Executive Briefings

Opinion: A Turning Point for Global Supply Chains and Carbon

Twenty-five years ago this month the Union of Concerned Scientists published what they hoped would be a game-changing wake-up call to the world.

A Turning Point for Global Supply Chains and Carbon

In it, 1,700 esteemed scientists called out what they saw as a broad pattern of rising environmental damage that would, if unchecked, lead to “vast human misery.” This month a follow-up warning was published by 15,364 scientists in the journal BioScience. Its message is that we’re failing.

I’m not so sure.

Storm Before the Calm

In the heat of U.S. politics, feelings about sustainability seem dangerously divisive. Mega-storms, rising sea levels and a hotter planet are tangible realities, and yet concerted action feels unattainable. Meanwhile, concern over water supplies, biodiversity and social justice add to anxiety and anger. The working atmosphere feels toxic, and it is tempting to anticipate an apocalypse.

I believe the problem is real, and I believe we can solve it. I also believe, however, that we are making more progress than public opinion seems ready to accept.

First of all, it is important to break down the question of sustainability. Population, which was among the hot buttons flagged back in 1992, has grown by 35 percent in just 25 years. This factor alone explains much of our increased human footprint on the planet. But is it necessarily bad?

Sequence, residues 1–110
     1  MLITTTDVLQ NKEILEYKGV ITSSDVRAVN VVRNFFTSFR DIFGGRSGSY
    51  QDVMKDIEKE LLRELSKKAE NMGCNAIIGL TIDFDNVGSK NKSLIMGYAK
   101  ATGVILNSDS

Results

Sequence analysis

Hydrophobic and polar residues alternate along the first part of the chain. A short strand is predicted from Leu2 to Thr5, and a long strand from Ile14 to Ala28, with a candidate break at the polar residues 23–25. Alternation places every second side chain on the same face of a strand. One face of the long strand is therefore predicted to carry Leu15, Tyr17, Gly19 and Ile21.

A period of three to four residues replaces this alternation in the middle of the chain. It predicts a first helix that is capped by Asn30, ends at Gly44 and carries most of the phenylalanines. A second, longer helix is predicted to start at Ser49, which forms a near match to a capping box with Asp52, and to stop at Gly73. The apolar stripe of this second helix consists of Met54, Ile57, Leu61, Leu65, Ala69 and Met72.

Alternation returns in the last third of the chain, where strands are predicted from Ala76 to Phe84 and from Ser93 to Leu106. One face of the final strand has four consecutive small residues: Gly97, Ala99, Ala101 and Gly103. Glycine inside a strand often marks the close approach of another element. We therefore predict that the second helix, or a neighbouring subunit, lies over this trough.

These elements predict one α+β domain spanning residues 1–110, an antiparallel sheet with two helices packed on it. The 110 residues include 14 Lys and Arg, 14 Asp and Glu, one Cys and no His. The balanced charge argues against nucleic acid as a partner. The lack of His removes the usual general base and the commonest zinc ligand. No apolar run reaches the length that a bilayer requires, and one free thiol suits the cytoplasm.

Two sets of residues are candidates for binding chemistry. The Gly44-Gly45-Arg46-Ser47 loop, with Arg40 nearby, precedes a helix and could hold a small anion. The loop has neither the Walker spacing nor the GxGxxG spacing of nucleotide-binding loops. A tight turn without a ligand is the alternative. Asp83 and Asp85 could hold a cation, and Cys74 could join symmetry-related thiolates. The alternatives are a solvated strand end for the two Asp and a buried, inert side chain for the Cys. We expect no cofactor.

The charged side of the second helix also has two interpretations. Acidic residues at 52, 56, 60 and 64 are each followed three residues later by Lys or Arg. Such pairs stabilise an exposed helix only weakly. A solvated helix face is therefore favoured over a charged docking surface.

Massive economic growth has elevated Asian and African consumption enormously, and our annual CO2 emissions (up by 62 percent since 1992) reflect it. UNDP projections, however, say we’ll flatten off at around 10 to 11 billion people worldwide, in which case we’re not facing a population explosion so much as seeking a new plane of existence. Can the world handle it?

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In it, 1,700 esteemed scientists called out what they saw as a broad pattern of rising environmental damage that would, if unchecked, lead to “vast human misery.” This month a follow-up warning was published by 15,364 scientists in the journal BioScience. Its message is that we’re failing.

I’m not so sure.

Storm Before the Calm

In the heat of U.S. politics, feelings about sustainability seem dangerously divisive. Mega-storms, rising sea levels and a hotter planet are tangible realities, and yet concerted action feels unattainable. Meanwhile, concern over water supplies, biodiversity and social justice add to anxiety and anger. The working atmosphere feels toxic, and it is tempting to anticipate an apocalypse.

I believe the problem is real, and I believe we can solve it. I also believe, however, that we are making more progress than public opinion seems ready to accept.

First of all, it is important to break down the question of sustainability. Population, which was among the hot buttons flagged back in 1992, has grown by 35 percent in just 25 years. This factor alone explains much of our increased human footprint on the planet. But is it necessarily bad?

Massive economic growth has elevated Asian and African consumption enormously, and our annual CO2 emissions (up by 62 percent since 1992) reflect it. UNDP projections, however, say we’ll flatten off at around 10 to 11 billion people worldwide, in which case we’re not facing a population explosion so much as seeking a new plane of existence. Can the world handle it?

Read Full Article

A Turning Point for Global Supply Chains and Carbon